Why is it grammatically correct to say “happier” but not “joyfuller”? Why do we say “the most intelligent” but not “the most smart”? As an English speaker, it’s natural to take the grammar of your native language for granted. This can make it difficult, however, to teach students who are learning English as a foreign language.
Whether you are an ESL teacher or student, comparative and superlative adjectives can be especially difficult to understand and explain. Whether you are a native English speaker trying to design a lesson plan or an ESL student studying for your next exam, it can seem like there are no rules at all and that you simply have to memorize every adjective in the English language. As difficult as it may seem, there are actually a couple grammar rules that govern these adjectives. To help you out, the team at goprofe.com has put together this article.
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First of all, what exactly are comparative and superlative adjectives? What function do they play in the English language?
Comparative adjectives are used to compare two things to each other, while superlative adjectives are used to compare one thing to a group of other things.
So, how does one form a comparative or superlative adjective in English?
The general rules for creating these adjectives depend on the number of syllables of the root word and its final letter.
As always, keep in mind that there will be exceptions to all of these rules. This article is only meant as a starting point for more in-depth study. As you may know, even some native English speakers may disagree on the correct form in certain situations.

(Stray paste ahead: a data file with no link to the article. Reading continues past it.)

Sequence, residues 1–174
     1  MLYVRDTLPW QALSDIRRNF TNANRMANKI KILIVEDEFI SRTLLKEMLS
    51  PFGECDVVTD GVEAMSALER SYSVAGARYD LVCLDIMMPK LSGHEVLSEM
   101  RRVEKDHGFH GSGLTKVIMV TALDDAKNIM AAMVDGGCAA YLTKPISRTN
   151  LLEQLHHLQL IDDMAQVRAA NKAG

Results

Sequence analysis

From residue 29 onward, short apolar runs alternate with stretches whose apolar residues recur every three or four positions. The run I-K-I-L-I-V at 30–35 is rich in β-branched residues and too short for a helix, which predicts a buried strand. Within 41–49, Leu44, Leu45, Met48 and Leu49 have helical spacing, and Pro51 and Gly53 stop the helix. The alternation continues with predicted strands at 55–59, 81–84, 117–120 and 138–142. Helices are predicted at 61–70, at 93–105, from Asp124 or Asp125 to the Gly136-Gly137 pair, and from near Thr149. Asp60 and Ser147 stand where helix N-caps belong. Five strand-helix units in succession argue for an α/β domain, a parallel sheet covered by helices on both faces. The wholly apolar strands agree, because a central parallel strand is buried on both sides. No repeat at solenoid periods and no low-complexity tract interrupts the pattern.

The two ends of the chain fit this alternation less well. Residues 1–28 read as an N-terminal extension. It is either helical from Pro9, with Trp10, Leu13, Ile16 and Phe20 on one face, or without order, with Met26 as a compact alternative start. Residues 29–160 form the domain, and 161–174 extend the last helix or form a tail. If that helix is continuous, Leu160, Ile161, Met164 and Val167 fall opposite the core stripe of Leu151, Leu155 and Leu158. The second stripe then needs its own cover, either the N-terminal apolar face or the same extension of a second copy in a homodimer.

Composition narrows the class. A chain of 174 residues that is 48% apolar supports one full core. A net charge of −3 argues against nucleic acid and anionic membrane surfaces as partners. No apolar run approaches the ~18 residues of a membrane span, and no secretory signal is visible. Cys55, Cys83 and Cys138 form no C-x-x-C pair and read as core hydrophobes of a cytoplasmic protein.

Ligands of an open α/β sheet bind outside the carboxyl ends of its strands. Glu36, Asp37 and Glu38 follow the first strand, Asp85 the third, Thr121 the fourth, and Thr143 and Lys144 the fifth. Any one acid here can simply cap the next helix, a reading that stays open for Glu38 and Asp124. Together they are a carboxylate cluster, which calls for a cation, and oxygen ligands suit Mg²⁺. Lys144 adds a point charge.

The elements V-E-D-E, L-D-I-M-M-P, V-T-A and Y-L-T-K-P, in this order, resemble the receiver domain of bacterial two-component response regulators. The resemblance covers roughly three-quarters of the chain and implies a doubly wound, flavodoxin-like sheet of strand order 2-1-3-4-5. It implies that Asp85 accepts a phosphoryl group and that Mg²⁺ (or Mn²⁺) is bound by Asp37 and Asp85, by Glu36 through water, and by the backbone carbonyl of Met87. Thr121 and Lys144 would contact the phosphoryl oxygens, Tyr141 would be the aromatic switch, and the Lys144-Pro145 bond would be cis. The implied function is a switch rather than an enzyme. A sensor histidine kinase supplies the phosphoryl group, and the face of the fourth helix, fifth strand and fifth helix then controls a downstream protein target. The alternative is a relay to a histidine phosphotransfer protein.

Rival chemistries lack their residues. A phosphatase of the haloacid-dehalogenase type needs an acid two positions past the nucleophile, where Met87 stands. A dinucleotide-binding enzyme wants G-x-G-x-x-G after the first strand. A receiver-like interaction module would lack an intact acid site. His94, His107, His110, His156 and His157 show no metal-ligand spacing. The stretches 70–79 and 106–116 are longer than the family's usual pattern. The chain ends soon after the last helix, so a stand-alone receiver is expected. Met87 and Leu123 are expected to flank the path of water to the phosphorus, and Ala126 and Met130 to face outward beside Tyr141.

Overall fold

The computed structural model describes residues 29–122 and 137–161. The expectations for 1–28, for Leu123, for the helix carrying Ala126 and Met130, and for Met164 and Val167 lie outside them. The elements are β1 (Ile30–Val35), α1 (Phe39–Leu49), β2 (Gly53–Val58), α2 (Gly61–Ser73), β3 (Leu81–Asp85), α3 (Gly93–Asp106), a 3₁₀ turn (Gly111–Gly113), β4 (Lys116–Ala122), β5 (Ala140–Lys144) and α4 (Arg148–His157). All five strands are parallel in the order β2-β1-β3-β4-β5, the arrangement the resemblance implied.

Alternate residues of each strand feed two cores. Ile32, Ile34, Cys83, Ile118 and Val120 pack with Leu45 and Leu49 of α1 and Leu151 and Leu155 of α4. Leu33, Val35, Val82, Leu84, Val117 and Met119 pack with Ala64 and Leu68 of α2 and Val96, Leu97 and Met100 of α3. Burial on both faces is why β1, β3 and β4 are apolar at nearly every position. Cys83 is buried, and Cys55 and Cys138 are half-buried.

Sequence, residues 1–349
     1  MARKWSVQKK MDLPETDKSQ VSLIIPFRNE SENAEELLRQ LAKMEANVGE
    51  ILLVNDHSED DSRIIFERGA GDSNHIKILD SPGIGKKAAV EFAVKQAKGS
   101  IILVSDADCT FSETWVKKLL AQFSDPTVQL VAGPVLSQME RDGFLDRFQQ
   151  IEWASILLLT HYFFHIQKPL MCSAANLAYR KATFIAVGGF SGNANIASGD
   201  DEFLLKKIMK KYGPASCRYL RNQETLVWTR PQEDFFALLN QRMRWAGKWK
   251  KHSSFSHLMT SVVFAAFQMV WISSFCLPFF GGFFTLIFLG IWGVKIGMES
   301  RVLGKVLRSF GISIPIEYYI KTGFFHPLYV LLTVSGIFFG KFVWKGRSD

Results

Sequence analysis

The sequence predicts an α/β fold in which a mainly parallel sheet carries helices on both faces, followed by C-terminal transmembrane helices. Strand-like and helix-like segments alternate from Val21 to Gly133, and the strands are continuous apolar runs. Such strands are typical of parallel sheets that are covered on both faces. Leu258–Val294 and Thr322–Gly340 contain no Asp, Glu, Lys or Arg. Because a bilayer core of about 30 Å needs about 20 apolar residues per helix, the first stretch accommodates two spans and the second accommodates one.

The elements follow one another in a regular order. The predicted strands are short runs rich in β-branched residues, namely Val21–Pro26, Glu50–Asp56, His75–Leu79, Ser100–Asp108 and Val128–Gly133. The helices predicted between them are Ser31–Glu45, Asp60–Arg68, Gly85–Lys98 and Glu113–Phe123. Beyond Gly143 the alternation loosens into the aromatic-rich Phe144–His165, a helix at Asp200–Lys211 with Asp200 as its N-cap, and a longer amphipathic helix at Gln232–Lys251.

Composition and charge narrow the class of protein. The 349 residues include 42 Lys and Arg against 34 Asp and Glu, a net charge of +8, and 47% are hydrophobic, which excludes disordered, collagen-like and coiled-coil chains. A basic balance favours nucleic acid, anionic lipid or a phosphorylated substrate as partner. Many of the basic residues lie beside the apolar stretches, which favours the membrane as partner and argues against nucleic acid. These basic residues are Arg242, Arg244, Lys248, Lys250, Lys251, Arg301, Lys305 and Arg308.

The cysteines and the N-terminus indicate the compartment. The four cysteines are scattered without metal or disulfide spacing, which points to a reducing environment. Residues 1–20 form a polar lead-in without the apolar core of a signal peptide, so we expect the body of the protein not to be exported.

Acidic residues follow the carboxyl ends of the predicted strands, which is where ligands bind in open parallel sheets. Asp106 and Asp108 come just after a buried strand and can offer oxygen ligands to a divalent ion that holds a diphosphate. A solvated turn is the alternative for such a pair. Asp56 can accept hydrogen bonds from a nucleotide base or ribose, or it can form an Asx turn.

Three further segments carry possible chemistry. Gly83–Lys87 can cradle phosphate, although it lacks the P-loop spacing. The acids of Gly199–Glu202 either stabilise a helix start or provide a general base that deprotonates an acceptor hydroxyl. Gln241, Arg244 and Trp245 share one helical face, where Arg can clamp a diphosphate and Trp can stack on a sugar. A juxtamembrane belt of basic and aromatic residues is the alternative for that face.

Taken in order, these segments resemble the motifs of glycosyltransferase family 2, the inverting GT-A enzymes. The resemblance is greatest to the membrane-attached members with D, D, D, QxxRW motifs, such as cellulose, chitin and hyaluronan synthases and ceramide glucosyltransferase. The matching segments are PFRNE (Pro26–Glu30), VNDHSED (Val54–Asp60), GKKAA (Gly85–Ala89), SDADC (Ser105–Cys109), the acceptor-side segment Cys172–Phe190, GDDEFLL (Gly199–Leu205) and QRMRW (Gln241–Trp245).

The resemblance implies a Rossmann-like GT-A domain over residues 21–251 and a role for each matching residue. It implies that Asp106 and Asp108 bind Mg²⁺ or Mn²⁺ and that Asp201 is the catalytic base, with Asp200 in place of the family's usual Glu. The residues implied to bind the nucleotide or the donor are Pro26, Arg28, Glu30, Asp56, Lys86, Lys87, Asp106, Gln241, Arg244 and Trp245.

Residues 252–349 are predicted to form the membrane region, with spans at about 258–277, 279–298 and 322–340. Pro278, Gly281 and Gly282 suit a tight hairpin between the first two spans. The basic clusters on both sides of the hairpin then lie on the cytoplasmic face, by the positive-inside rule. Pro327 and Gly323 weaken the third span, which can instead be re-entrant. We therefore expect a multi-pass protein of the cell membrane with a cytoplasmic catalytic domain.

Adjectives that are one syllable, or end with the letter -Y use the -er and -est endings, such as
Remember to keep in mind two spelling rules with these adjectives:
- Adjectives that end in -Y undergo a spelling change from “-y” to “-i-” when the “-er” and “-est” endings are added.
- Adjectives that are three letters long and are made up of a consonant followed by a vowel and another consonant typically double the last consonant before adding the “-er” and “-est” endings.
Adjectives that are two or more syllables and do not end with the letter “Y” use the words “more” and “most” to modify them, such as:
|Careful||More Careful||Most Careful|
|Interesting||More Interesting||Most Interesting|
Irregular Comparative and Superlative Adjectives
Of course, not all adjectives follow these rules. There are many exceptions, such as:
Let us know if you found this article helpful and comment down below with your own tricks for learning comparative and superlative adjectives in English! Also, let us know if there are any ESL topics that you want us to cover in the future. As always, goprofe.com is here to help you find students looking for private English classes anywhere in Spain.
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